Trauma calling

Rich Vettraino's job didn't begin as a childhood dream. After all, who'd ever think to become the guy who cleans up blood, body parts and fluids after messy accidents, murders and suicides?

"A lot of the jobs that we go to are suicides or natural deaths ... and the family doesn't know what to do," says Vettraino, owner and founder of Elite Trauma Clean-Up, Inc., a Clinton Township company. Its 100 part-time employees are dispatched to grisly and sad sites.

"When we get the call, we scramble," Vettraino says.

About 12 years ago, Vettraino was working on the Special Macomb Incident Response Team when he and a group of emergency medical workers were speculating who'd cleanse a home where a man had attempted suicide. "I looked into it," he says. The answer was no one, really. Families were saddled with the burden or would call general cleaning services. And no one had standards to follow for cleaning up or disposing of biomedical waste.

So Vettraino started the company out of his house. He built a desk into one of his bedroom closets and added a phone and fax line. "In two years we had an office," he says. "Within the next two years, we moved into a facility." And it became his full-time job.

That's a 2,800-square-foot office and garage along Gratiot Avenue where he and one full-time employee also run a medical waste disposal company. He has two custom-built Ford trucks with equipment including Tyvek suits, rappelling harnesses, cleaning products and tools. They work throughout Michigan, focusing on Macomb, Wayne, Oakland, Genesee and Washtenaw counties.

Police departments, industrial and manufacturing companies, insurers and private individuals call Elite Trauma's toll-free line. The company can be found under the "Crime Scene and Trauma Clean Up" heading in the yellow pages. "I started the title," Vettraino says.

He and his employees have cleaned up police cruisers after officers have been shot, factory floors after workers have been mangled and rooms of houses and apartments after troubled souls have ended their lives.

Sometimes bodies sit for weeks and months before anyone notices. Those are complicated jobs where most everything in the home has to be thrown away because the smell lingers. Cleaning is extensive. "Everything has to get tossed," he says.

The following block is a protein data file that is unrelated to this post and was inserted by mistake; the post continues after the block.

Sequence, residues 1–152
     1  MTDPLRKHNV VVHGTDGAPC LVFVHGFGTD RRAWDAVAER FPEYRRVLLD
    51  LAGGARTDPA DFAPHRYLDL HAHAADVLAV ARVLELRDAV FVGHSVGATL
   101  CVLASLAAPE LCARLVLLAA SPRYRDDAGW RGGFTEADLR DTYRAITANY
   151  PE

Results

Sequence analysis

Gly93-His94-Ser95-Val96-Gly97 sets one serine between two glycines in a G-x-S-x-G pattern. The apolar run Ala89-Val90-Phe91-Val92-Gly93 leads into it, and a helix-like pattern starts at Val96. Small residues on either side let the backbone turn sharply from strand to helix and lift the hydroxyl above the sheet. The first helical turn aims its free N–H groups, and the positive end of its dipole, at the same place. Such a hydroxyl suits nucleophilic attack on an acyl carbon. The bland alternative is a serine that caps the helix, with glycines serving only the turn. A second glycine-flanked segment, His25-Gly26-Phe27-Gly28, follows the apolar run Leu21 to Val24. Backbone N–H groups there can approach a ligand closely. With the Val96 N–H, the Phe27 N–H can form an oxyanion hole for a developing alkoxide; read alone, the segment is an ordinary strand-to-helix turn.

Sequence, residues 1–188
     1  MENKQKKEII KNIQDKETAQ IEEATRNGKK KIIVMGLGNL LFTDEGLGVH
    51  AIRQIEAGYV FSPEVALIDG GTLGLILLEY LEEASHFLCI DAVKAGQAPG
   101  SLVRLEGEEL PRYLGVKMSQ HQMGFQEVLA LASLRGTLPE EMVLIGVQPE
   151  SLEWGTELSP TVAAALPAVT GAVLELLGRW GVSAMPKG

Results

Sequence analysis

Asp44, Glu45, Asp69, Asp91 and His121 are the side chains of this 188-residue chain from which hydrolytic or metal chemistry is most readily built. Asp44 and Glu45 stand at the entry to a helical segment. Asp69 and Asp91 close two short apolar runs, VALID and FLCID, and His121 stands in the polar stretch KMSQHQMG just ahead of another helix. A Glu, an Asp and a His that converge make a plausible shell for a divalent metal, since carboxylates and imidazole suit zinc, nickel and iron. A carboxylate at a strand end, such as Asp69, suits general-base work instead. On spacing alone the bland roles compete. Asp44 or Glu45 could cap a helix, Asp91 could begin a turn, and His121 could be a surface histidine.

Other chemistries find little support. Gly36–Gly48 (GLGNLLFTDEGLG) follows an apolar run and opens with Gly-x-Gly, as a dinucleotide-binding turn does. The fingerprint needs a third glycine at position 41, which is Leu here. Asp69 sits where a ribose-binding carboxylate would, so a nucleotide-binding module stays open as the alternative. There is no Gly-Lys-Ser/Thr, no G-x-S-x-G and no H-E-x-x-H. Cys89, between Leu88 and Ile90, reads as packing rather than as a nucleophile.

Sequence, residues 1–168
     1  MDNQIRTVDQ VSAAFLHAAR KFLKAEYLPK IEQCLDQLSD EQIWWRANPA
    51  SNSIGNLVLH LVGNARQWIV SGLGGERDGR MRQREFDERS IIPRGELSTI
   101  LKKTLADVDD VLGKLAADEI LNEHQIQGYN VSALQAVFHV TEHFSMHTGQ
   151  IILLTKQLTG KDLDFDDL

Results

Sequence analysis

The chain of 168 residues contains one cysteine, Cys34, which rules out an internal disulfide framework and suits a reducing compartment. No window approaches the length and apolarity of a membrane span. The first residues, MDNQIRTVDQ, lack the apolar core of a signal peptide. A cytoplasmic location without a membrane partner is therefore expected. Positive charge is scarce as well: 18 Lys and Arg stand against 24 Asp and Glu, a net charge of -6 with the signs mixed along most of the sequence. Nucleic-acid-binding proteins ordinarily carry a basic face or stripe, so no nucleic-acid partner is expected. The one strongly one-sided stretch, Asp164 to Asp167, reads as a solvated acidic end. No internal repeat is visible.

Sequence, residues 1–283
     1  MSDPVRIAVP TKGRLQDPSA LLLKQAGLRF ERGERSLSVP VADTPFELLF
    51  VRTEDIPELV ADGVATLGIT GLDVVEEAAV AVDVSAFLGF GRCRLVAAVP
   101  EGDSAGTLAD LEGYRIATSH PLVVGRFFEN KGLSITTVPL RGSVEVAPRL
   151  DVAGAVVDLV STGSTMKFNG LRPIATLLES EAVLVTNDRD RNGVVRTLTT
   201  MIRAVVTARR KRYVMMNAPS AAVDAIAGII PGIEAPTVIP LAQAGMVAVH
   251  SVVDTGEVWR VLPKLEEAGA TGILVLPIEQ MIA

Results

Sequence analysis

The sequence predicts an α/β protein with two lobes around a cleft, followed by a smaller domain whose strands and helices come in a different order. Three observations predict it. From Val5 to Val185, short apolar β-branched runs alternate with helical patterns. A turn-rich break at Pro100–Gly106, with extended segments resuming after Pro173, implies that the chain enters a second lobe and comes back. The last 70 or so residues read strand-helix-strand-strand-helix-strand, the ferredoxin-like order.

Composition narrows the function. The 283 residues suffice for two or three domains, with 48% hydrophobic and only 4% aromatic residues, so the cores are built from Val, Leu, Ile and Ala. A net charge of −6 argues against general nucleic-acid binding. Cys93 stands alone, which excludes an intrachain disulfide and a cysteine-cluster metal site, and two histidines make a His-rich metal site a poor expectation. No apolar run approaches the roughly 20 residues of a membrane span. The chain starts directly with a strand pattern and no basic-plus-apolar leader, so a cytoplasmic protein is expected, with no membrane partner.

But one of Vettraino's worst calls was a recent one: a house where a woman and 30 cats lived. "The house cannot be cleaned," he says. "Cats are the worst."

A typical job begins after police technicians have worked the scene and the body is removed. The Elite Trauma team then cleans up, throwing out garbage, cleaning blood off floors, walls and ceilings, and decontaminating. Sometimes they need to cut out carpeting and parts of the house like flooring and joists that have been too contaminated and structurally compromised by the decaying body to be saved. Some smells never go away.

Every job is meticulously photographed. Invoices are itemized and files are kept on each. His employees are local police officers, fire fighters and military vets; those Vettraino can trust. "We don't have anyone off the street here. Sometimes when we're going through the home, we find money, drugs, jewelry. We'll turn it over to the family. I've heard horror stories where [other companies] have gone in and items have come up stolen and they can't prove it," he says.

For six years Vettraino has been trying to get legislation passed that would regulate the bio clean-up industry by creating guidelines, protocols and reporting procedures. Sponsored by Rep. Fred Miller, D-Mount Clemens, it has passed the House but awaits the Senate. Established, reputable companies like Elite Trauma need to be distinguished from services that, say, would throw a bloody mattress in a Dumpster, according to Miller.

"They deserve to be in a class by themselves," he says.

Vettraino is hopeful the legislation will pass soon — he has spent six years lobbying for it. But regardless of the obstacles to his business's success, he would never go back to his municipal hazmat job where he was tired of the "political bullshit."

"This is better," he says.

Sandra Svoboda is a Metro Times staff writer. Contact her at 313-202-8015 or [email protected]
Scroll to read more Culture articles


Join Detroit Metro Times Newsletters

Subscribe now to get the latest news delivered right to your inbox.